Most pineapple (>90%) grown for the fresh market worldwide is not exported. Rather the major pineapple export business is related to juice and canned fruit. Likewise, most of Vietnam’s pineapple-related export is not related to fresh pineapple, and thus it is safe for us to assume that most pineapple being sold on the street in Vietnam is locally grown fruit (with high seasons in April through August as well as around December).
Pineapples originated in South America and were brought to Southeast Asia by the Spanish. Vietnam primarily grows four different pineapples, the two traditional cultivars, which are loosely translated into meaning “theirs” (Tay) and “ours” (Ta), and the more recent, Smooth Cayenne and Singapore Spanish.
Ta pineapples (Dứa ta) appear to be low sugar, medium acidity cultivars that lack flavour but are mostly eaten fresh. It seems these are of the Red Spanish type. The pale/white flesh is more fibrous in nature.
Tay pineapples (Dứa tây) are high sugar cultivars within the Queen Victoria class, that are prized for eating fresh due not only to the sweetness but the texture. They are also used for juice. They are smaller than those found in the Cayenne class and are generally grown for domestic consumption.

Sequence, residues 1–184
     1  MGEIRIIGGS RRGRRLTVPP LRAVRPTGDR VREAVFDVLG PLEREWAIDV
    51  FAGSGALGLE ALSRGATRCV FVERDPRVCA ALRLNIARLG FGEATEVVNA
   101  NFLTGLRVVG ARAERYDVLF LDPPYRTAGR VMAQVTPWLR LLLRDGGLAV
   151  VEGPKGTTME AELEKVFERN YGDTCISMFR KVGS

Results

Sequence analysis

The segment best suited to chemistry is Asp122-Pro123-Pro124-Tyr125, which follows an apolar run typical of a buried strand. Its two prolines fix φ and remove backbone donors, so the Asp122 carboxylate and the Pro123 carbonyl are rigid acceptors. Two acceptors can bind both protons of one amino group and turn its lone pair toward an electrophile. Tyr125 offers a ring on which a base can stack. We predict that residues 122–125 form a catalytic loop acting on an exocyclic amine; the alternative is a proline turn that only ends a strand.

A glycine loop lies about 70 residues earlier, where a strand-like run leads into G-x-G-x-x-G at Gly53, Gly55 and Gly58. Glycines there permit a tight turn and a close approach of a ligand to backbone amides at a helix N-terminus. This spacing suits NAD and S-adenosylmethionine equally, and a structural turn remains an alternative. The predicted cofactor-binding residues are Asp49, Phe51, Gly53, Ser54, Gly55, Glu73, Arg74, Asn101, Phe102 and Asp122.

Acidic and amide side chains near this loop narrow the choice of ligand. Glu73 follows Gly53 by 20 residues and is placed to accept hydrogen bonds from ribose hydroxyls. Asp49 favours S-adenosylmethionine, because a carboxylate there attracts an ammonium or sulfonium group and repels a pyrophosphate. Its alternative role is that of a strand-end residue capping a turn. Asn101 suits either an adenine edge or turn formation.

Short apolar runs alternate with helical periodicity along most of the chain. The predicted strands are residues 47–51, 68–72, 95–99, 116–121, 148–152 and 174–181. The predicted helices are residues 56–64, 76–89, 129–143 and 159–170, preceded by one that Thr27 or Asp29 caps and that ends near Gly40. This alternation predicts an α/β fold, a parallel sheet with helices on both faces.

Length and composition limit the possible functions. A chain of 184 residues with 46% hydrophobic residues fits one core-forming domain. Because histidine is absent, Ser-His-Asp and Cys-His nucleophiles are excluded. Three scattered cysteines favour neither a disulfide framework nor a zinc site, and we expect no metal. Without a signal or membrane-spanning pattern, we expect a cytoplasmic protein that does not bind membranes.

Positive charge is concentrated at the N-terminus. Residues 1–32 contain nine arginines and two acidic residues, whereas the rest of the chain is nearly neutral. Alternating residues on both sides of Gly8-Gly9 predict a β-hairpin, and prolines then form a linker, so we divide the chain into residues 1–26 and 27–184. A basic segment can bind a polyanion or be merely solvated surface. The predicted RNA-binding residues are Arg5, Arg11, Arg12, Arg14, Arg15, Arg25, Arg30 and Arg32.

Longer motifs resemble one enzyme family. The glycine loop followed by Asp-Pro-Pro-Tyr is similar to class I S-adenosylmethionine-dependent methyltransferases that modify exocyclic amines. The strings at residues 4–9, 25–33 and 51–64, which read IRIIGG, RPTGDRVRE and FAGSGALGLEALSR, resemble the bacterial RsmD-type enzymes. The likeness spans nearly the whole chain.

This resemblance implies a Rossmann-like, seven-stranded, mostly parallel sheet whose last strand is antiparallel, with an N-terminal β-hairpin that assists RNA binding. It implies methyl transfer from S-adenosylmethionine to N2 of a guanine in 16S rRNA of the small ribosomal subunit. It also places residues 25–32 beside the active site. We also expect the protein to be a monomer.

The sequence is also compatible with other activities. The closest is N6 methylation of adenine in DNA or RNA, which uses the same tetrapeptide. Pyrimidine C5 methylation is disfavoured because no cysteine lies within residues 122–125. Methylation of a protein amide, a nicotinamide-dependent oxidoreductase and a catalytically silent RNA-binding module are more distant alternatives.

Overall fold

Smooth Cayenne pineapples (Dứa không gai) are a class of pineapple, which is very popular in the USA, primarily utilized for canning and fresh consumption, with high acid and sugar content. This was the class of pineapple that was brought to the Philippines from Hawaii leading to a revitalization of the Filipino pineapple industry (which is now #1 in the world). If Vietnam can successfully produce this class, it will solidify its standing as a pineapple producer, but would this be detrimental to its other cultivars? In any case, the smooth Cayenne is the standard pineapple that is grown for export.
Singapore Spanish pineapples (Dứa mật) are a small-sized variant, with low sugar and acid, primarily utilized for canning, as the raw fruit lacks flavour. Singapore Spanish is is also utilized for its juice which is of high quality.
Given all this, if you want to eat fresh pineapple, you should seek out the Tay pineapples, as you can easily get the Cayenne and Red Spanish in the USA and the Singapore Spanish isn’t a great type to eat fresh.
*This word without diacritics is the same as for coconuts, but the diacritics show that a rising intonation on the U for pineapple but a falling intonation on the U for coconuts, hence, two different words.